In understanding the evolution of human societies in the course of history, it is best traced and determined through the different states of economic development that humanity has experienced. Humanity's evolution from being a hunting and gathering to an industrial society can be pointed to numerous variables that served as catalysts that eventually made the conditions suitable for the nature of societies at present, which are mainly industrialized or heading towards industrialization. Tracing the history of social change is tracing the catalysts that led to the following stages of economic development in human societies over time: from hunting and gathering, to simple horticultural, eventually to advanced horticultural, developing to simple agrarian, then to advanced agrarian, and ultimately, to industrial societies.
This transition from different levels of economic development could have been spurred by population growth, wherein the need more…
Nielsen, F. (2003). "The ecological-evolutionary typology of human societies and the evolution of social inequality." Sociological Theory.
Nolan, P. (2003). "Toward an ecological-evolutionary theory of the incidence of warfare in post-industrial societies." Sociological Theory, Vol. 21, No. 1.
2. The book, the Story of the Treasure Seekers, is about six siblings, who are in quest of a treasure to gain back the lost riches of their family. Each child comes up with his or her own unique plan of looking for the treasure, thus representing his or her own distinct personality. For example, Dora, the eldest child is very cautious and believes in doing things the right way. She is very responsible and also god-fearing. She believes in hard work and honesty and suggests that they look for the treasure by digging in the garden. Oswald, who is the second in line, is very intelligent, kind and also daring and adventurous as one can see when he suggests that they should kidnap people on highways and take money from them. The third sibling Dicky, suggests that they should follow instructions in advertisements in the newspaper, which help you…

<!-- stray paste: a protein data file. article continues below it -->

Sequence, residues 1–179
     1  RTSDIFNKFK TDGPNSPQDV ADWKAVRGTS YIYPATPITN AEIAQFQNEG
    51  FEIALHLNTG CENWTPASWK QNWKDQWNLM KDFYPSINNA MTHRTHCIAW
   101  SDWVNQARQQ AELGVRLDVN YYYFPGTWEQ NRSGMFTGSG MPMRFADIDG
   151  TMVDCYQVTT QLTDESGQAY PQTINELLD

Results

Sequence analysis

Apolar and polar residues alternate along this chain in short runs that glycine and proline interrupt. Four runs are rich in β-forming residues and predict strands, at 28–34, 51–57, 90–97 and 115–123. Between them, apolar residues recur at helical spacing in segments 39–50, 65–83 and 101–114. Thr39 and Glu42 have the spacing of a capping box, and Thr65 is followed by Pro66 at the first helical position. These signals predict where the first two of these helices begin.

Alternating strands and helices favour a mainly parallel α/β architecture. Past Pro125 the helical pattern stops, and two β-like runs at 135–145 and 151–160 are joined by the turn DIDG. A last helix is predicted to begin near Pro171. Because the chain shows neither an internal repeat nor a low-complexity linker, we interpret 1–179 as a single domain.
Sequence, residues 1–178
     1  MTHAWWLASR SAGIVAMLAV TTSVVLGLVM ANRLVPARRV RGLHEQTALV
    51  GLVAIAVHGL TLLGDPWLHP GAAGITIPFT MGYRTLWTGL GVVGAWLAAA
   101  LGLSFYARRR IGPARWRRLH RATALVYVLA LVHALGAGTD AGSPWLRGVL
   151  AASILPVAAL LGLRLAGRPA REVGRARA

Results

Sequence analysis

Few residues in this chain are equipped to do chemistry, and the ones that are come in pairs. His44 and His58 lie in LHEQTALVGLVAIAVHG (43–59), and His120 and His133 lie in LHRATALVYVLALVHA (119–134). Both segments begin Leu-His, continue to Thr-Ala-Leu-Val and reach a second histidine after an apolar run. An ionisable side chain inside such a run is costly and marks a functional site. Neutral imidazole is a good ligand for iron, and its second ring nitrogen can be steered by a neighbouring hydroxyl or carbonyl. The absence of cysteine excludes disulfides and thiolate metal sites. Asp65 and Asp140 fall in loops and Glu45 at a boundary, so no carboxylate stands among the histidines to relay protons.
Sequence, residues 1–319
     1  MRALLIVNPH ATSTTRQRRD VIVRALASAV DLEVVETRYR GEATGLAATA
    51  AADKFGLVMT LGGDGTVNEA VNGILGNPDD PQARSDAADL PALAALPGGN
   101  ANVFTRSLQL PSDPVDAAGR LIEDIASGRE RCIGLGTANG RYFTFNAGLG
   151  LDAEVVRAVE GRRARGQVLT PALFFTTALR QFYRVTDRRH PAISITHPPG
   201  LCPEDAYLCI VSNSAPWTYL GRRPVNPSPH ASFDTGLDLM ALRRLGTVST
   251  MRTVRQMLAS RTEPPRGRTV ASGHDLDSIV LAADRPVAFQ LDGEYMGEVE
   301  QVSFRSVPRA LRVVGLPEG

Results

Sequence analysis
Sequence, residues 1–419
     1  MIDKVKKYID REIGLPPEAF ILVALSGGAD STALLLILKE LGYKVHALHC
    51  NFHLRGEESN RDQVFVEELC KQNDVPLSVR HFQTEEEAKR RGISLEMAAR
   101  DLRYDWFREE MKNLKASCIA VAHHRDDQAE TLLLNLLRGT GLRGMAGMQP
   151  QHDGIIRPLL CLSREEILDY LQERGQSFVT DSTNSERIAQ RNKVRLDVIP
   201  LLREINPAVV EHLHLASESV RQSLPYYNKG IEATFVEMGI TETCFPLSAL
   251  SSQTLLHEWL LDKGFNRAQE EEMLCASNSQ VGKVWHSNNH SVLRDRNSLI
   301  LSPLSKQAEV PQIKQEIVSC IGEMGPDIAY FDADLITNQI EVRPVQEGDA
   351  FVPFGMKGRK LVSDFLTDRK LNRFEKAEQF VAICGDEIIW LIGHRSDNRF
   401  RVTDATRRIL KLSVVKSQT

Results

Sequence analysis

U.S.C. § 48 is not aimed at specific instances of animal cruelty, but specifically at the creation and distribution of depictions of such abuse for the purposes of interstate and/or foreign commerce. This is the act that the appellant was unarguably engaging in when apprehended by law enforcement, and the fact that the law is not aimed at those participating directly in acts of animal cruelty does not in and of itself create a constitutional objection.
The statutes specific mention of interstate commerce renders the appellant's claim that the constitutionality of the statute is in question due to a dependence on state definitions also moot. Not only were the acts depicted in the videos the appellant old to law enforcement agencies unquestionably illegal in all fifty states, but the federal government has a duty to regulate interstate commerce specifically because state definitions and regulations differ. Failing to regulate the interstate…
FindLaw (2010a). NEW YORK v. FERBER, 458 U.S. 747 (1982). Accessed 14 January 2010. http://caselaw.lp.findlaw.com/scripts/getcase.pl?court=U.S.&vol=458&invol=747
FindLaw (2010b). CHAPLINSKY v. STATE OF NEW HAMPSHIRE, 315 U.S. 568 (1942). Accessed 14 January 2010. http://caselaw.lp.findlaw.com/cgi-bin/getcase.pl?court=us&vol=315&invol=568
ites of Passages of puberty followed by Eskimo and Australian Aborigines.
The indigenous cultures of the past have always held a great regard for the traditional and superstitious. Elaborate rituals are associated with each aspect of life and the people celebrate these rituals as a community. The community being patriarchal in most circumstances the dominance of the male hierarchy is clearly seen and that the rituals are associated then with the male gender is no surprise. Yet, today, we are fascinated with what to the generations of the past was a common issue. esearchers have taken the time to separately understand the ceremonies associated with the cultures and none is as elaborate as the rites of passage as the adolescents-especially the male-enters adulthood. Around the world the transition is celebrated with fervor amongst the different cultures, and though today forgotten, its importance is still acknowledged amongst the remaining indigenous communities…
Australian Aboriginal Religion available at http://philtar.ucsm.ac.uk/encyclopedia/westoc/abor.html
Charlesworth, M, Religion in Aboriginal Australia. (ed.). University of QLD Press. 1984. available at http://www.bmezine.com/news/ritcircs.html
Eliade, Mircea Rites and Symbols of Initiation, (page ix - x) taken from Rites of Passage Frank Herbert 2000 available at http://www.geocities.com/uulongviewtx/sermons/rites.html
Eskimo-Aleut Religion Available at http://philtar.ucsm.ac.uk/encyclopedia/nam/inuit.html
THE BLACKFEET NATION INDIANS
This is a five page paper dealing with the Blackfeet Nation Indians. It will explore the tribe's history and early lifestyles. It will also cover the health and education of the tribe now. Problems facing the tribe and methods used in preserving their culture will also be addressed. There are seven references used.